Video Games Europe publishes 2010 European Consumer Survey


Video Games Europe has published its 2010 European Consumer Survey, the broadest, most in-depth study of adult gamers and non-gaming parents in Europe.

According to the study, conducted in 18 countries among 5800 respondents (between 16 and 49 years), 25.4% of adults living in Europe - more than 95 million people - are gamers. There is a continually evolving demographic of gamers, resulting in a much broader definition: next to avid console gamers buying a number of videogames there are also enthusiastic gamers who love to play free games online. There are gamers who spend many hours per week at home, enwrapped in strategic battles, while others enjoy the occasional puzzle game on their iPhone while waiting for the bus.

The study gives some perspective on the user market size and the popularity of the different game platforms, but it also dives into the attitudes and the motivations of people who play games, looking at how games are perceived within the family, in comparison to other leisure activities and on the internet. Another section is dedicated to the awareness and perceptions of the PEGI system. A selection of results from these sections is visualised In the attached infographic.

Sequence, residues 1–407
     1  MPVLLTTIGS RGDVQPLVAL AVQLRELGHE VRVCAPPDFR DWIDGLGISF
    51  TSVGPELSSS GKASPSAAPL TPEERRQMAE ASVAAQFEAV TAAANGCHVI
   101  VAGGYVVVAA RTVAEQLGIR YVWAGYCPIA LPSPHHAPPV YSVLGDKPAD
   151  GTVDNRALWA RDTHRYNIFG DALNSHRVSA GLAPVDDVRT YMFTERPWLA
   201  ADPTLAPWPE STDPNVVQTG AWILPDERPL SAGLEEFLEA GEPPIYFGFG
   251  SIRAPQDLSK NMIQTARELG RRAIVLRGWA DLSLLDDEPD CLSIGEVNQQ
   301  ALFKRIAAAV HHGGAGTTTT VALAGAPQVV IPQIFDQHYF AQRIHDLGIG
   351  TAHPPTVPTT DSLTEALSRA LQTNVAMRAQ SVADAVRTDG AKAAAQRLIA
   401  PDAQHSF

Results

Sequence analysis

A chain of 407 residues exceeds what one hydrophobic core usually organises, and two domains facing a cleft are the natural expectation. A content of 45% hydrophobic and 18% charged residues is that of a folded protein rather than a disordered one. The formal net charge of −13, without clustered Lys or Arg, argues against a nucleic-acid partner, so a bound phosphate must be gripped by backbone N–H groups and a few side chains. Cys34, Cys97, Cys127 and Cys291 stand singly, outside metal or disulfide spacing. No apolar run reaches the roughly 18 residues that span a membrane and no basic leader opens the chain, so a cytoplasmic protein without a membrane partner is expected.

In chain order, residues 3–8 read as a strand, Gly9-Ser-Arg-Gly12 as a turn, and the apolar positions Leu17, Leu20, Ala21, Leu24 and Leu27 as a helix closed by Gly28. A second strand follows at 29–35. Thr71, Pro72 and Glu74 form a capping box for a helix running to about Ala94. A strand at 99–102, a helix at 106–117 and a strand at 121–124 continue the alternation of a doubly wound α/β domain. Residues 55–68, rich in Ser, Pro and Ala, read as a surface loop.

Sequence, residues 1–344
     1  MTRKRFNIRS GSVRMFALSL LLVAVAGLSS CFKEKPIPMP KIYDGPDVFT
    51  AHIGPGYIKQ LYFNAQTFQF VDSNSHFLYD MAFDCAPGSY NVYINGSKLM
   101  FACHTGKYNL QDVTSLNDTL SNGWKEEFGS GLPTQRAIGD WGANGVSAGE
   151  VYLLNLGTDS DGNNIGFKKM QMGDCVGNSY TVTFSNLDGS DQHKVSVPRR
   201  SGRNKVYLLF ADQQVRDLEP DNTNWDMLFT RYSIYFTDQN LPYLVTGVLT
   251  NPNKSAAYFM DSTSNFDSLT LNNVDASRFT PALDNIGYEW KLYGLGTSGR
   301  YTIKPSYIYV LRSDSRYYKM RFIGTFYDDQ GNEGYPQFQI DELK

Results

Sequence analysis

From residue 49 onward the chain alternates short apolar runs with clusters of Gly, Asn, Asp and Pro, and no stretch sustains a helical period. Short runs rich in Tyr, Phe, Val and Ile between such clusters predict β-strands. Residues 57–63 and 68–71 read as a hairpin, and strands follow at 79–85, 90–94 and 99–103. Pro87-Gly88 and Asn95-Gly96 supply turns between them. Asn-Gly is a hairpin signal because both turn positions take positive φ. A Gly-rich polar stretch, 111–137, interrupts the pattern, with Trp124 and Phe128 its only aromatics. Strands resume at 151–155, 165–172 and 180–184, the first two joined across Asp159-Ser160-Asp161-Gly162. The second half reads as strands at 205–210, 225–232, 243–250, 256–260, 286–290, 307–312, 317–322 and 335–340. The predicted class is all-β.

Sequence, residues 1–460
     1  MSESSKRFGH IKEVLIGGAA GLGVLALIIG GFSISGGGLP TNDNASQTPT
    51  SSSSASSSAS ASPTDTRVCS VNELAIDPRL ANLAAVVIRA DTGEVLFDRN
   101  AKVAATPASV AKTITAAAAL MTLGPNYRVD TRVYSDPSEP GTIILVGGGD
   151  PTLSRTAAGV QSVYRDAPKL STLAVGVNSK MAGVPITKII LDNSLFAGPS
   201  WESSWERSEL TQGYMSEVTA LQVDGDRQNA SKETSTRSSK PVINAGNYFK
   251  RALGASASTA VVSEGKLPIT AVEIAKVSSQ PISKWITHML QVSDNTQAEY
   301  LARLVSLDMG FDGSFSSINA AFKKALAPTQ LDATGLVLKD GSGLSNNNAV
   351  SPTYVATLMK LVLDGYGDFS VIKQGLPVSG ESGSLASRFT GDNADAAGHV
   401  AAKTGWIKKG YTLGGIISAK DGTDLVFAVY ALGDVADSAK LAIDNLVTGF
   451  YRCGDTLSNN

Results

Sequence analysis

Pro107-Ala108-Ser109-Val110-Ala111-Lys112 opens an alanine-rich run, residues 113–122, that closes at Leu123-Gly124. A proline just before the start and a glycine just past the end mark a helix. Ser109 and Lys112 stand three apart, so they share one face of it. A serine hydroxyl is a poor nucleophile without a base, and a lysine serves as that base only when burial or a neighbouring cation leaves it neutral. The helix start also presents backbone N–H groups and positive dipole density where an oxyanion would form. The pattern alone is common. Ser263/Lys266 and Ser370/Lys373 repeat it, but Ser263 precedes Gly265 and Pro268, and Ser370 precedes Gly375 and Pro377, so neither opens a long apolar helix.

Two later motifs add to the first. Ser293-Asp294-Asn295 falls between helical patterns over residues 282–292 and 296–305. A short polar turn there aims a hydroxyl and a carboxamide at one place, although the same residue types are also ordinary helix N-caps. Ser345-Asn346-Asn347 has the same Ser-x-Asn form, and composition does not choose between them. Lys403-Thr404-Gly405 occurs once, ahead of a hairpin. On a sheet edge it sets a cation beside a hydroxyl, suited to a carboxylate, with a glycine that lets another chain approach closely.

Of those that don’t play games, 41% claim the main reason is because they ”don’t have the time”. Nevertheless, games can now be played everywhere and by everyone. For every place, person, agenda and budget, a type of game is available. The data show the industry has risen to the challenge of broadening the market offering, but the next challenge is communicating it more efficiently to specific target groups.

On the subject of PEGI - the age classification system for videogames - gamers and especially non-gaming parents value the information it provides. Other results show that although there is a solid base of people who are aware of the PEGI symbols, there is a potential for wider recognition in the coming years. Recent and future marketing efforts by PEGI S.A. and the games industry should result in more and more people starting to take note. The full study is available on the Video Games Europe website: